Fiona Haworth and Jim Ozier, authors of Clip-In: Risking Hospitality in Your Church, offer ten tips for improving the work of your hospitality team and making newcomers to your church feel welcome.
1. Remembering names is important! We all know the value of calling a person by name. We all know how good it feels when someone else remembers our name. When serving on the hospitality team, keep a small notebook with you and write down the names of new persons you meet. Ask them to repeat and spell the name. Pray for each name during the week. It will help you remember so you might be able to call the people by name when you see them the next time.
Practice “preemptive hospitality” by constantly asking: What do first-time guests need to know? What are their needs? What do they want to experience? What will make them glad they are here?
2. Whenever possible, when asked “Where is …?” questions, personally escort the inquirer to his or her destination instead of simply directing him or her to it.
3. Utilize “the hand off” when it isn’t practical to actually escort a person to the destination. Hand the guest off to another person with a solid introduction. “Steve, please meet Larry; would you show him where the Family Life Center is? Thanks!” This models introductions and connection.
4. Extend hospitality to the parking lots and outside the front doors: greeters with umbrellas on a rainy day are a welcome sight.
5. Provide bright fluorescent vests and walkie-talkies to parking lot greeters, even if the walkie-talkies don’t always work. It adds to the professionalism and increases the sense of “feeling safe” for guests when they arrive.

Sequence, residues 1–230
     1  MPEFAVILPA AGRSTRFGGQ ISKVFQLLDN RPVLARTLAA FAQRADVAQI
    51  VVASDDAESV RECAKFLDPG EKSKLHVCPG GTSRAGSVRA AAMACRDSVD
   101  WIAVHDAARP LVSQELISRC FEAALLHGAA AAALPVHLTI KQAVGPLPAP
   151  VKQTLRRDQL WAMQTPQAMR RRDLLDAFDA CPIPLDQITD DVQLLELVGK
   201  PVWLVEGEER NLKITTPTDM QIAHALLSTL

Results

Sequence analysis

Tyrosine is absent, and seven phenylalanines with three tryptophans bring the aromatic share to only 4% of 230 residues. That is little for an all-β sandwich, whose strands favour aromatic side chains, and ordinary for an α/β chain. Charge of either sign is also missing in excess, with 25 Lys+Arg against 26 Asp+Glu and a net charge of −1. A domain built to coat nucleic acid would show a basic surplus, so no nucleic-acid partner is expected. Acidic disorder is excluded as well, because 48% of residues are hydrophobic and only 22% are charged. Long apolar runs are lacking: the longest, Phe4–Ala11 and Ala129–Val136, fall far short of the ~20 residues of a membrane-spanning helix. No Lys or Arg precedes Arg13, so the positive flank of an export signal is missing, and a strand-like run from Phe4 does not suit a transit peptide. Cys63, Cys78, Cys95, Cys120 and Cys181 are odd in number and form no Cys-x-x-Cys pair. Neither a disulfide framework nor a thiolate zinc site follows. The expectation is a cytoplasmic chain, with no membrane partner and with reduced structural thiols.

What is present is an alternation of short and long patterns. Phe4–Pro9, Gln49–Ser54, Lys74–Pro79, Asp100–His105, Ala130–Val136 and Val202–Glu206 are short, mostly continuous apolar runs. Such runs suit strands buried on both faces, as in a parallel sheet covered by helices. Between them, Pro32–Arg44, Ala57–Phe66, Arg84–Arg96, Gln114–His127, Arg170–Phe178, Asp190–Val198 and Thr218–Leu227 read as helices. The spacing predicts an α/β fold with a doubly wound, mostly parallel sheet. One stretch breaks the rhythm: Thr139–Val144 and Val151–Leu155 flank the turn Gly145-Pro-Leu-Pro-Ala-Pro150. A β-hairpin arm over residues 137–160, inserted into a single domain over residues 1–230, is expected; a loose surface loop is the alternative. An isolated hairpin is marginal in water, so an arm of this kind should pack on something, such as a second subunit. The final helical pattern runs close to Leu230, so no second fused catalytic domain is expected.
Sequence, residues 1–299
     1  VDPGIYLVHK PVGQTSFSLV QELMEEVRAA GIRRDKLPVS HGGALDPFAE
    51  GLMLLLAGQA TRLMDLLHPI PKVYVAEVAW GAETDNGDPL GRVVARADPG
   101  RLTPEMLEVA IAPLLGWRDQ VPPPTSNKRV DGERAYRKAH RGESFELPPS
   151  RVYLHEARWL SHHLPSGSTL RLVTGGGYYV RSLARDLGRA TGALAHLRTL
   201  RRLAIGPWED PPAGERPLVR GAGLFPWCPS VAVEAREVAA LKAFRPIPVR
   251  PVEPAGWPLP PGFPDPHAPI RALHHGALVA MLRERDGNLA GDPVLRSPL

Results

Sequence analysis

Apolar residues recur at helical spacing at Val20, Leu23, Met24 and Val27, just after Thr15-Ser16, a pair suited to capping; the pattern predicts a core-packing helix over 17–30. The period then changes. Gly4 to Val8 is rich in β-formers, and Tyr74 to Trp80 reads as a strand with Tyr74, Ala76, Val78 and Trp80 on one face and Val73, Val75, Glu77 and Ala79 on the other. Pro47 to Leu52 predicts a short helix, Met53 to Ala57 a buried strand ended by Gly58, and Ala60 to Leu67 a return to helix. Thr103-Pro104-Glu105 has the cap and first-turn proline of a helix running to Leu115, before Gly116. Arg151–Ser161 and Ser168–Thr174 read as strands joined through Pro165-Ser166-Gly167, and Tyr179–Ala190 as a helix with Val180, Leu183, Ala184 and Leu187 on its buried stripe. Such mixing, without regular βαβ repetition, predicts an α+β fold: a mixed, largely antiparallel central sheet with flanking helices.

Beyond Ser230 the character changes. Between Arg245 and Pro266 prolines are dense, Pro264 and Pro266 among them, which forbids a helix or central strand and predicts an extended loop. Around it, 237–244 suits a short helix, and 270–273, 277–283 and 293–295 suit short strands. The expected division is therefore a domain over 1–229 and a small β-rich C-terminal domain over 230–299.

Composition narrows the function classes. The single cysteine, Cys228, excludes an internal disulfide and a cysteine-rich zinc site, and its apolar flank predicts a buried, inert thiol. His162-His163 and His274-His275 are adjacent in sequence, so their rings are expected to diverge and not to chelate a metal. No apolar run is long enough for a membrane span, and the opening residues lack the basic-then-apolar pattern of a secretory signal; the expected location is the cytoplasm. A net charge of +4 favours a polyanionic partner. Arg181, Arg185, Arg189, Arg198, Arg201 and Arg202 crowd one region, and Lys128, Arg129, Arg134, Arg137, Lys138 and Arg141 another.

6. Create good culture by extending your church’s messaging of upcoming events throughout the building, including in the restrooms.
7. First-time guests (especially with children) are always interested in safety, cleanliness, and professionalism. Hospitality includes check-in procedures in the children’s areas, eager teachers in place as guests arrive, and freshly cleaned and cared-for classrooms and restrooms. This gives witness to the sense that “somebody has really thought about us here!”
8. Practice “preemptive hospitality” by constantly asking: What do first-time guests need to know? What are their needs? What do they want to experience? What will make them glad they are here? What can we do in hospitality to make them recommend our church to friends?
9. Go out of your way to create the way! There are thousands of websites with excellent information for church hospitality, but nothing will help much unless you really LOVE people and love interacting with people. Lead with your heart, and your words, feet, and hands will follow in a hospitable way.
10. SMILE! There is no crying in baseball and no frowning in hospitality!
This material is from Fiona and Jim’s book, Clip-In: Risking Hospitality in Your Church (Abingdon Press, 2014) and used with the publisher’s permission. It is available at Abingdon Press, Cokesbury, and Amazon.